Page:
Some people think the latest lockdown rules are confusing enough - but they’re even more confusing on one street that has found itself subject to two sets of restrictions.
Boundary Lane in Saltney, Flintshire, sits right on top of the border between England and Wales, meaning since lockdown rules were loosened in the former but not the latter, one set of rules applies on one side, and another on the other.
On the side that sits in England, people can sunbathe, travel to other destinations and play sport with people from the same household.
But on the Welsh side, ‘Stay at Home’ is still the message and people have to stay local to exercise.
Veronica Gay, Flintshire county councillor for Saltney Stonebridge, who lives nearby on the Welsh side, said: “Last week people thought big changes were going to be announced to the lockdown on Sunday, but that was not the message from the Prime Minister, after the Welsh Government had already announced its changes on Friday.
“There was confusion and I have seen questions coming to me and in Facebook, about what people can now do.
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Gay said: “At the moment we have people living on the Welsh side of Border Lane, who are storing some rubbish in their gardens because the recycling centres aren't currently open in Flintshire - but on the other side the bin lorries are taking stuff away.
“On the Welsh side, they can only go out locally, but the other side in England can drive to the Lake District or down to Brighton.”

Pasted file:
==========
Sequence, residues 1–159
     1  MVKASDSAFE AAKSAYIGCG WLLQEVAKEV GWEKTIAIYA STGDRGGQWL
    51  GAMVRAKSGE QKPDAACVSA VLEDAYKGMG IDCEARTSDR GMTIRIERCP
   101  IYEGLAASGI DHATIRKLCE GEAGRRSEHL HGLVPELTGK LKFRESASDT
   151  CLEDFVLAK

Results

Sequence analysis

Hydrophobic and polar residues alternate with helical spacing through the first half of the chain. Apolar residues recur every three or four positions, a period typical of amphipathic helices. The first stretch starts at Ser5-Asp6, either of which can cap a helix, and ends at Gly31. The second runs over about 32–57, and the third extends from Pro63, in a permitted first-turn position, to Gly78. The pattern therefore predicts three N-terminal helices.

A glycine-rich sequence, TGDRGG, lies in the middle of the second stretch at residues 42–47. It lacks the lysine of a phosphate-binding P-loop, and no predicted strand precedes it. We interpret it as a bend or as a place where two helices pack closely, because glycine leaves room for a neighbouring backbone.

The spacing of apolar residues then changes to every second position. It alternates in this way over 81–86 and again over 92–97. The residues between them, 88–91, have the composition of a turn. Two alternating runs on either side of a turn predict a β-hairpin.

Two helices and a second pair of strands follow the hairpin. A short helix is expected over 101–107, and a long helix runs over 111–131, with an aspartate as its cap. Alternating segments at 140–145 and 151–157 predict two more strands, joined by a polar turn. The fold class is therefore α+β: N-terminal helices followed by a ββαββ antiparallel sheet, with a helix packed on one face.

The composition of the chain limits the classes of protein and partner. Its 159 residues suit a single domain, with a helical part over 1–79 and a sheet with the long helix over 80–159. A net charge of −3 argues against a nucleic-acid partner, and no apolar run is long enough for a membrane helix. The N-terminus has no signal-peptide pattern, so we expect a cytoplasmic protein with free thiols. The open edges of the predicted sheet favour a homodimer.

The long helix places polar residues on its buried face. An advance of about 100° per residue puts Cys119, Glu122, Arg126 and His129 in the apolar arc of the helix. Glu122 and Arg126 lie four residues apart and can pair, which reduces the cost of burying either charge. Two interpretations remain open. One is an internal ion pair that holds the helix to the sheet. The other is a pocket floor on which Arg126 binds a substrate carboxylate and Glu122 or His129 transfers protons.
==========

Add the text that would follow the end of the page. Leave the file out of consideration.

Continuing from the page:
Linda Astbury, 69, who lives on the English side of the road, said: “I went for a walk and it occurred to me that I was crossing over into the Welsh and then back over into England - normally I wouldn't think about it.
“I was thinking technically whether I should be entering Wales - but I'm sure its fine, I usually shop on the Welsh side in Morrisons and if I was prevented from doing that - then that would be silly.
“I prefer being on the English side, because I think under these rules I have more autonomy. I do my walks and as long as I keep two metres apart and don't do anything I shouldn't - that's fine. But of course maybe not everybody will follow the rules.”
But Anne Anboorallee, who also lives on the English side, prefers the Welsh restrictions.
The 66-year-old recently retired as a secretary for the Cheshire and Wirral Partnership NHS Foundation Trust so has seen firsthand the efforts made by NHS staff.
She said: “It was a bit confusing, but if you think about it I know what I can do and can't do.
“It seems ridiculous that I can do things that people 30 yards away can't.
“I actually prefer the Welsh restrictions at the moment and feel more comfortable and safer with those rules.”